Reading: Encounter with the New Testament , 57-70

Assignment: The triple tradition: Gospel Parallels #52, pages 42-43

GP 52

Who was Jesus? What was his historical context?

What's in the Triple Tradition?

Week 3: Q

Jan. 28 : Working with Q

Readings: The Lost Gospel of Q, chapter 5 (E-Res)

Gospel Parallels, #167, 2, 18, 19

Ehrman, Jesus, Apocalyptic Prophet, chapter 3, 41-53 (P/Class)

Triple Tradition Insights

The Double Tradition

Jan. 30 : Form criticism

Readings: Ehrman, Lost Christianities, chapter 3

Encounter with the New Testament , 71-82

Gospel of Thomas sayings

Assignment: The double tradition: Gospel Parallels #35 and 38.

Week 4: Paul

Feb. 4: Who was Paul?

Double tradition Insights

Readings: Galatians 4:1-8; Galatians 5:16-26; I Thessalonians 5: 9-26;

Encounter with the New Testament , 85-101

Film: From Jesus to Christ, part 2

Paul's Kerygma

Feb. 6: Paul and other Christians; responses to the resurrection

Readings: Ehrman, Lost Christianities, chapter 2

Encounter with the New Testament ,200-243

Paul's First Letter to the Corinthians

Early Christian Dilemmas

Week 5: Paul and Mark

Feb. 11: Understanding Paul's context

Encounter with the New Testament , 244-268

Mack/Frederiksen Insights

Pauline concepts

Paul's Letter to the Romans

Assignment: Pauline terminology

Scriptural Quotations

Feb. 13: Understanding Mark's context: the Jewish war and the destruction of the Temple
Encounter with the New Testament , 104-108

Jewish and Christian Responses to the Destruction

Gospel Parallels, #91, 93, 95

Week 6: The Gospel of Mark

Feb. 18: The Secret Messiah

Readings: Encounter with the New Testament , 111-116 and 124-125, "Mark and Liberation"

Pauline Terminology Insights

Gospel of Mark, chapters 1-6

The Structure of Mark

Features of Mark's Gospel

Feb. 20: Miracle and controversy stories

Readings: Gospel of Mark, chapters 7-12

Encounter with the New Testament ,116-119

Ehrman, Lost Christianities, chapter 4

The Structure of Mark, Chapters 6-9

A Review of Stephen Carlson's The Gospel Hoax

Morton Smith: One Assessment

Morton Smith and the Secret Gospel of Mark

The "James" Ossuary Controversy


Week 7: Mark Continued: the Passion Narrative

Feb. 25:

The Structure of Mark: Chapters 11-13

Reading: Gospel of Mark, chapters 13-16

Encounter with the New Testament , 119-127

Assignment: Mark's Passion Narrative

Feb. 27 : Passion Narrative continued

Mark's Passion Narrative: Class insights

Film: From Jesus to Christ, part 3

Mark's Themes

Structure of Mark: Chapters 14-16

Midterm due Thursday, Feb. 27

Choose Topics for Group Presentation.

-------------------------------------SPRING BREAK ------------------------------------------

Week 8: Matthew

March 18:

Readings: Encounter with the New Testament , 128-137

Matthew, chapters 1-7; 20: 1-16

Gospel Parallels, #59, 60, 63, 68

The Gospel of Matthew: Background and Motifs

March 20:

Readings: Encounter with the New Testament , 138-144

Matthew, chapters 24-28 (and corresponding Gospel Parallels 227-231)

Lost Christianities, chapter 5

Adding New Stories: Truth or Lie?

Week 9: Luke

March 25:

Readings: Encounter with the New Testament , 147-157

Luke, chapters 1-2; Gospel Parallels E-L

Luke, chapters 3-9

Factors contributing to the diversity of Christian groups

Luke: the book and the author

Luke's Narrative Trajectory

Unique features of Luke

March 27:

Readings: Encounter with the New Testament , 157-173

Luke, chapters 10-16; Gospel Parallels 139-141, 143-144, 173-174, 177

Luke, chapters 21-22; Gospel Parallels 214, 238-240, 244-246, 249-250, 253, CC, DD, EE

Ehrman, Jesus, Apocalyptic Prophet, chapters 8-10 (Course Reserve)

Assignment for Thursday: Themes in Luke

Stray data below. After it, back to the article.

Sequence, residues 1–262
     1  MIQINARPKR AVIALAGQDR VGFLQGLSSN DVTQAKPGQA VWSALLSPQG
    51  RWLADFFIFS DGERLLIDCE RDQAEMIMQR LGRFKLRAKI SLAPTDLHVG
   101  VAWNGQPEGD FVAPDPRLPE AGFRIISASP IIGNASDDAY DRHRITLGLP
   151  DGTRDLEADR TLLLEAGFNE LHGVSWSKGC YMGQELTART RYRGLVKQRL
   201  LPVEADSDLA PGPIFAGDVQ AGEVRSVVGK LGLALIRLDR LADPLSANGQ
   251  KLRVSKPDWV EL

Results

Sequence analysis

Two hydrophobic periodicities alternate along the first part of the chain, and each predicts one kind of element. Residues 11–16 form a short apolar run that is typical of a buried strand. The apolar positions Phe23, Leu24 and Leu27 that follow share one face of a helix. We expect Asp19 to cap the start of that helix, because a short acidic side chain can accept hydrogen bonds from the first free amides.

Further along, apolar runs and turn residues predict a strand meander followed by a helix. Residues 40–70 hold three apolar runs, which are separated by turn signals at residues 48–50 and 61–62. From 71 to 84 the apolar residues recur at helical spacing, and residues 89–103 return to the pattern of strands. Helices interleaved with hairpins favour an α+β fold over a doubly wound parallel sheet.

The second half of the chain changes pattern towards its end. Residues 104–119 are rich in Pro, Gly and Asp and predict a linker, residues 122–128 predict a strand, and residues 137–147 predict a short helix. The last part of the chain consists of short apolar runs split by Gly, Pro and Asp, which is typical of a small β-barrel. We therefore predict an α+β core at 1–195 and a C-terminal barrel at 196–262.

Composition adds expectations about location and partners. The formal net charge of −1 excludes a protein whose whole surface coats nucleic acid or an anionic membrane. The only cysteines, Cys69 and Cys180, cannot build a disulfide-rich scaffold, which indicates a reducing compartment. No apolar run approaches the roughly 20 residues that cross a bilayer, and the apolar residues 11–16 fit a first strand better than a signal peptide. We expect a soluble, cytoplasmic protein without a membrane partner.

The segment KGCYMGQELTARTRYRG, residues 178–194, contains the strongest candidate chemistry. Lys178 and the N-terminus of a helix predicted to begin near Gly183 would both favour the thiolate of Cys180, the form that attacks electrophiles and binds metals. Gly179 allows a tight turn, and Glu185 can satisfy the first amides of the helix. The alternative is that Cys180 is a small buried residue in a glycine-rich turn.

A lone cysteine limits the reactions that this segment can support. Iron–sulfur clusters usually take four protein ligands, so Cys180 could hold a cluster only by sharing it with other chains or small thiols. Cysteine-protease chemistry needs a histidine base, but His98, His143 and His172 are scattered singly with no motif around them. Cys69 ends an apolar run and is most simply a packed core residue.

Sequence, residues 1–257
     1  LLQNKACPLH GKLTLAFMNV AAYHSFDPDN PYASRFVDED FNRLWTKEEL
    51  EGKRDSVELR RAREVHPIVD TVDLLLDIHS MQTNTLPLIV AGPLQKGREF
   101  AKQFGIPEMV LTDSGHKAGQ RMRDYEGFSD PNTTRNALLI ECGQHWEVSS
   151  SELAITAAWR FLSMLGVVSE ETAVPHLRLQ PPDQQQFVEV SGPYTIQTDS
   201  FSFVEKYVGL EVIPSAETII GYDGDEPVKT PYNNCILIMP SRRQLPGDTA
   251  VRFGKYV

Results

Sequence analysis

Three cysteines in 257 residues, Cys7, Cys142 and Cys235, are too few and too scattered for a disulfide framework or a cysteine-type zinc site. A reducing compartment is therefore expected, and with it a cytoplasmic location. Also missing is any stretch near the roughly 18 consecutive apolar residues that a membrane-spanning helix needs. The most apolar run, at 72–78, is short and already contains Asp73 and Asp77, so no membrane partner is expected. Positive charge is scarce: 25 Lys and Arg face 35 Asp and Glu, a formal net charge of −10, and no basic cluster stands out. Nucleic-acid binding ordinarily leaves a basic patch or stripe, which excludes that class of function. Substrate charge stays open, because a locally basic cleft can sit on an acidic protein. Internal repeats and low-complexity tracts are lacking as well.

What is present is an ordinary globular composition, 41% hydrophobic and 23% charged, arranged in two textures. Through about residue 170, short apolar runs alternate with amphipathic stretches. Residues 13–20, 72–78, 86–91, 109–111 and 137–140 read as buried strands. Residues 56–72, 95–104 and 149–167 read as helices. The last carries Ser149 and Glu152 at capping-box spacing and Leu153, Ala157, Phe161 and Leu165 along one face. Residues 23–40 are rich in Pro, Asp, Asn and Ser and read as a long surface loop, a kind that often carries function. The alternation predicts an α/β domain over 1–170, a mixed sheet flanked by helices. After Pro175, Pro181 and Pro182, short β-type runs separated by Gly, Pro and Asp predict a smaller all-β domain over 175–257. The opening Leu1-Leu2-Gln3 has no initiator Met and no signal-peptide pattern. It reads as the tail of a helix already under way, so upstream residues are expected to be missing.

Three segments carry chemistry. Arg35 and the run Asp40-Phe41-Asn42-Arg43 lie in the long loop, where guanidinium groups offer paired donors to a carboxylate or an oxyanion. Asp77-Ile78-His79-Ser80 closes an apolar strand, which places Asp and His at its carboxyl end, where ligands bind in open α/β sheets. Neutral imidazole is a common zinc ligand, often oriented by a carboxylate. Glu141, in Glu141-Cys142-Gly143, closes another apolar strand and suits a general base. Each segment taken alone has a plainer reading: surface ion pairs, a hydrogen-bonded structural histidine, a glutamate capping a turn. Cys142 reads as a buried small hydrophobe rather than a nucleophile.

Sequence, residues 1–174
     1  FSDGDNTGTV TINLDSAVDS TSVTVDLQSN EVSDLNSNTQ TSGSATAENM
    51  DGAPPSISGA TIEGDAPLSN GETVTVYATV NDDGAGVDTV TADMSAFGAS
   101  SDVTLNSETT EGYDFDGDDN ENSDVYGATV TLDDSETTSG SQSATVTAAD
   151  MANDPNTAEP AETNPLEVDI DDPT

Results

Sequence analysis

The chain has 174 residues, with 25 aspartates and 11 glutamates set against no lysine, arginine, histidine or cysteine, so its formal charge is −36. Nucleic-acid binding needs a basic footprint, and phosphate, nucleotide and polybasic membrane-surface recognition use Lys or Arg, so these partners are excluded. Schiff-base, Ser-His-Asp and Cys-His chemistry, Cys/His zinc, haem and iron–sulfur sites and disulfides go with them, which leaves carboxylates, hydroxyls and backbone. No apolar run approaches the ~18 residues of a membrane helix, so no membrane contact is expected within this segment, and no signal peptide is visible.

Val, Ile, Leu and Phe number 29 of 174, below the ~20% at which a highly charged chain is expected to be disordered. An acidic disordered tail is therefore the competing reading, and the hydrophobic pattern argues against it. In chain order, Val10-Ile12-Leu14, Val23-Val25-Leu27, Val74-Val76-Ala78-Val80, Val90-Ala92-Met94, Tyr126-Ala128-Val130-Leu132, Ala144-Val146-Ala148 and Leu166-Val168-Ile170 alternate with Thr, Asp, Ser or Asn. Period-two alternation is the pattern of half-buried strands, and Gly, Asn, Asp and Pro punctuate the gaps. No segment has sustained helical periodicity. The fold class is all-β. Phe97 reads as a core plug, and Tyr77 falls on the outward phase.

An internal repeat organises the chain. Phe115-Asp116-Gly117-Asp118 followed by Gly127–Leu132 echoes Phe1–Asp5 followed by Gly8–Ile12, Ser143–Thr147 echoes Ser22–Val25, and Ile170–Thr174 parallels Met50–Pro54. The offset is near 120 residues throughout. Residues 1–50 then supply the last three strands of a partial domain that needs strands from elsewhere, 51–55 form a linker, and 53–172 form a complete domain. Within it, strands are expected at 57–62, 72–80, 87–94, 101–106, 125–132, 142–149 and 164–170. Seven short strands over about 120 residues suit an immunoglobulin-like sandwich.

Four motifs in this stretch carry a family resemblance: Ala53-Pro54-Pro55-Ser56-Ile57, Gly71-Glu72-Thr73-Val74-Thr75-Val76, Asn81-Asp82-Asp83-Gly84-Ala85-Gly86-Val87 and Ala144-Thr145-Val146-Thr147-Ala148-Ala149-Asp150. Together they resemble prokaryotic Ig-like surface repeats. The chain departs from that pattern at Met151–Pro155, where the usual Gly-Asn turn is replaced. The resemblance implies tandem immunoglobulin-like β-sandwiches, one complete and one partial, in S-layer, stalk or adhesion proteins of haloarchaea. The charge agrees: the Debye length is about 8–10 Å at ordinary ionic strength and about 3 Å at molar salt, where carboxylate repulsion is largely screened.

Week 10 and 11: John

April 1 : The cosmic Christ


Readings: Encounter with the New Testament , 174-186

John, chapters 1-4

Structure and Features of the Fourth Gospel

The Logos in Jewish and Hellenistic philosophy

The Logos in John

Differing Christologies

April 3: Seeing is believing

Readings: John, chapters 4-9

Encounter with the New Testament , 186-192

Robert Kysar, John, the Maverick Gospel,  chapters 3 and 4 (Online through Netlibrary)

Signs in John


Seeing, Hearing, Knowing

Study Assignment for Tuesday: Johannine Dualism

April 8: John and Qumran

Readings: John, chapters 10-16

John and "the World"

The Fourth Gospel and Qumran

Robert Kysar, John, the Maverick Gospel, chapter 2 (Online through Netlibrary)

Study Assignment : Themes in John 

Groups 1 and 2:  Meet with instructor to go over data for group presentations

April 10: The farewell discourse

Readings: John, chapters 13-17

Ehrman, Lost Christianities, chapter 6

A Gnostic Cosmic Myth

Gnostic Codes

Hymn of the Pearl

The Gospel of Truth

Study Assignment for Thursday: John's Passion Narrative


Week 12: The New Testament in context: Acts

April 15 and 17:

Study Assignment for Tuesday: Read the first four chapters of the Book of Acts. Jot down three major themes that are established.

Read also: E-res: Mack, Who Wrote the New Testament, chapter 9: "Inventing Apostolic Traditions"

Ehrman, Lost Christianities, chapter 7 and 8

Acts of the Apostles: Sequence of Events

Acts of the Apostles: Myth, Fiction, Tradition

Letter of Clement (ca. 96)

The Apostles' Creed

The Martyrdom of Perpetua

Study Assignment for Thursday: Read the book of Acts, chapters 9-15.
Groups 1 and 2:  Meet with instructor to go over data for group presentations.

Orthodoxy and heresy

Features of the Proto-Orthodox churches

Assumptions of the Historical Critical Method

Week 13: Early Christian Communities

April 22: Authority and Orthodoxy in the 2nd and 3rd centuries

I Timothy, Titus, and James

Encounter with the New Testament , 279-283, 285-291: Keeping Paul's Legacy

E-Res: Pagels, Gnostic Gospels, "The Controversy over Christ's Resurrection"

The Pastoral Epistles and James

Arguments over Authority in the Second Century

April 24: Putting the New Testament Together

Forming the Canon

Readings: Encounter with the New Testament , 306-315, 271-279

Lost Christianities, chapter 11

Excerpts from The Da Vinci Code (E-Res)

Assignment: Spot the Whoppers
Da Vinci's Last Supper

April 27-29: Dress Rehearsal: Groups 3 and 4(outside class)

Week 14: Other NT Writings: Colossians andRevelations

April 29 : Colossians

Readings: The book of Colossians (4 chapters)

Lost Christianities, chapter 1

Class Presentation: The New Testament and Family Values

May 1: Revelations

Readings: Revelations 1-7, 17-22

Lost Christianities, chapter 12

About Apocalypses

Battle hymn of the republic (performance)

Battle hymn of the republic (lyrics)

Class Presentation: May 1 : The New Testament: Peace or War?